“They devoted themselves to the apostles’ teaching and to fellowship, to the breaking of bread and the prayers.”
Acts 2:42, NRSV.
“Our greatest trouble now is, it seems to me, a vast unconverted membership. A very large percent of the church members among us seem to have very poor conception of what a Christian ought to be. They are brought into the church during these high-pressure protracted meetings, and they prove to be a curse instead of a blessing. They neglect prayer, the reading of the Bible, and the Lord’s day meetings, and, of course, they fail to do good day by day as they should. Twelve years of continuous travel among the churches have forced me to the sad conclusion that a very small number of the nominal Christians are worthy of the name.”
James A. Harding, Gospel Advocate (1887) 
As a summary of early Christian steadfastness, Acts 2:42 has served as a influential reference point in the Believer’s Church tradition, and it has been especially important to the Stone-Campbell Movement. As early as the 1830s some even regarded it as the biblical “order of worship.” Others simply emphasized its fundamental orientation. James A. Harding, co-founder of Lipscomb University and namesake of Harding University, called them “means of grace,” that is, four spiritual disciplines that form believers into the image of Christ.
Harding identified the four as (1) reading and studying the Bible, (2) ministering to others (especially the poor) as we share (“fellowship”) our resources, (3) participating in the Lord’s day meeting at the Lord’s table as a community, and (4) habitual prayer. Sometimes Harding identifies these with the Lord’s Day assembly or communal gatherings but generally understood Bible study, missional engagement with the poor, and prayer as daily spiritual disciplines. According to Harding, believers should adopt a kind of rule of life which involves daily Bible reading, “doing good” daily as they have opportunity, and pray every morning, noon, afternoon, and evening.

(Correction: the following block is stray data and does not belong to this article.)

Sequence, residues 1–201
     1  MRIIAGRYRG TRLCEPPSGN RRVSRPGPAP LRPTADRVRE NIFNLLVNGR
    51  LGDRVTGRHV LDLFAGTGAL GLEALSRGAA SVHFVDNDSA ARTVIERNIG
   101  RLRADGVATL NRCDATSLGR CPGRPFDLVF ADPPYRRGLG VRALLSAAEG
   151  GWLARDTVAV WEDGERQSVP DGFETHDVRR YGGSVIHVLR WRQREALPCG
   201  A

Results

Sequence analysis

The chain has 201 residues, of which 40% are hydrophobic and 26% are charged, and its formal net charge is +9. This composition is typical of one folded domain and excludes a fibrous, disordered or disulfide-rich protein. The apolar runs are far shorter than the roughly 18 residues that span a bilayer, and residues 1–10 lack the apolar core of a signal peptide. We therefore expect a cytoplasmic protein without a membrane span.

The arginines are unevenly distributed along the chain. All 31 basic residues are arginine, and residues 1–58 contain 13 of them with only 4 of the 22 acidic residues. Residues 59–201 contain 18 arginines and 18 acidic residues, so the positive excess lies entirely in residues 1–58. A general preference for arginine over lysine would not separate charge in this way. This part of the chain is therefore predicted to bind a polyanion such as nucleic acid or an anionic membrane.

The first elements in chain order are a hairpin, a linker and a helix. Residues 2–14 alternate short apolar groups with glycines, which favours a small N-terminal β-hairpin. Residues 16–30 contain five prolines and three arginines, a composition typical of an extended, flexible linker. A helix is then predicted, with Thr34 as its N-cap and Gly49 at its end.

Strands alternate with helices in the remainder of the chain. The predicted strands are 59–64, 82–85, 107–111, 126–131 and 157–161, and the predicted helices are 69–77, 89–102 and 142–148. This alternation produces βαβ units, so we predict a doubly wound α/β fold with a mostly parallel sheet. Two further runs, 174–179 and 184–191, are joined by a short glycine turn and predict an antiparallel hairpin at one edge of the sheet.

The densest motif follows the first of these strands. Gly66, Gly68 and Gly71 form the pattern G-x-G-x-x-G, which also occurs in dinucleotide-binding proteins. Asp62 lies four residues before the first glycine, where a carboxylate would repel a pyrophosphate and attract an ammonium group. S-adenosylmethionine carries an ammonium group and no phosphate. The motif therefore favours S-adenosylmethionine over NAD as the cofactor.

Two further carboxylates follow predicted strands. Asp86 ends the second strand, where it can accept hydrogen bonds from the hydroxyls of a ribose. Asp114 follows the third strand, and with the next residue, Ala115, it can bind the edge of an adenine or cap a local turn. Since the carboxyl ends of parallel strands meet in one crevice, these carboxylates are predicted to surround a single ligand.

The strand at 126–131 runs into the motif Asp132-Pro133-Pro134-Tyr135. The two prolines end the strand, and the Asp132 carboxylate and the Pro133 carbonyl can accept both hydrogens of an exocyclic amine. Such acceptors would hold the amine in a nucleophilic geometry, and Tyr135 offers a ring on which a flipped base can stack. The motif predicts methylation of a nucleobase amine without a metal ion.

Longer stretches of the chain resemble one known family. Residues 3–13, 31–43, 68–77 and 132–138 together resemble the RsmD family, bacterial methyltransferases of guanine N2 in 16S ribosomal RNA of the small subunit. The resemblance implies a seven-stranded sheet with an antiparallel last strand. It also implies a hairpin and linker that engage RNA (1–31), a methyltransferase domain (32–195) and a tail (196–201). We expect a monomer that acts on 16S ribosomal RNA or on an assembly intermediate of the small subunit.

But these are no mere duties. Rather, they are “four great means of grace—appointed means by which God dynamically acts among, in, and through the people of God. They are not modes of human self-reliance but means of divine transformation by which God graciously sanctifies believers. They are spiritual disciplines through which God conforms believers to the image of Christ.
Harding stressed how “the life of a successful Christian is a continual growth in purity, a constant changing into a complete likeness to Christ.” To “grow more and more into the likeness of Christ” should be the Christian’s “greatest” desire.  In other words, Harding believed discipleship was the central dimension of practicing the kingdom of God. Consequently, one of the dangers of revivalism (“protracted meetings”) was the immediate interest in a larger number of conversions where the main concern was “escaping hell and getting into heaven” as opposed to discipling people to lead “lives of absolute consecration to the Lord.” As a result, these “converts are much more anxious to be saved than they are to follow Christ.”
Harding’s antidote recommended the “four habits” of Acts 2:42 as expressions of both communal and personal piety. Whoever neglects them will falter and their “falling away is sure.” But if one will pursue these spiritual practices, “he will surely abide in Christ. These four are god’s means of grace to transform a poor, frail, sinful human being into the likeness of Christ.” Whoever “faithfully uses these means unto the end of life can not be lost.” Specifically, in response to the question, “Will God hold us responsible for little mistakes?” Harding answered: God “holds nothing against us” whether we sinned “in ignorance, weakness or willfulness” as long as we live in Christ as people who faithfully practice these spiritual disciplines with a heart that seeks God.
God in Christ through the Spirit is graciously active through these communal and personal faith-practices. God actively transforms believers into God’s own image, and believers who pursue these gifts of grace will experience transformation by divine power rather than by human effort.
**This is adapted from John Mark Hicks and Bobby Valentine, Kingdom Come: Embracing the Spiritual Legacy of David Lipscomb and James Harding (Abilene: Leafwood Press, 2006), 75-77. One chapter is devoted to each of these means of grace.
Harding, “Scraps,” Gospel Advocate 27 (9 February 1887), 88.
Harding, “Questions Concerning the Way to Heaven,” The Way 4 (12 February 1903), 370.
Harding, “Questions and Answers,” The Way 4 (17 July 1902), 123.
Harding, “Scraps,” The Way 5 (23 July 1903), 735.
Harding, “Scraps,” The Way 5 (15 October 1903), 945.
Harding, “About Protracted Meetings,” Gospel Advocate 27 (14 September 1887), 588.
Harding, “Ira C. Moore on the Validity of Baptism,” Christian Leader and the Way 23 (18 May 1909), 8.
Harding, “Scraps,” The Way 4 (26 February 1903), 401-2.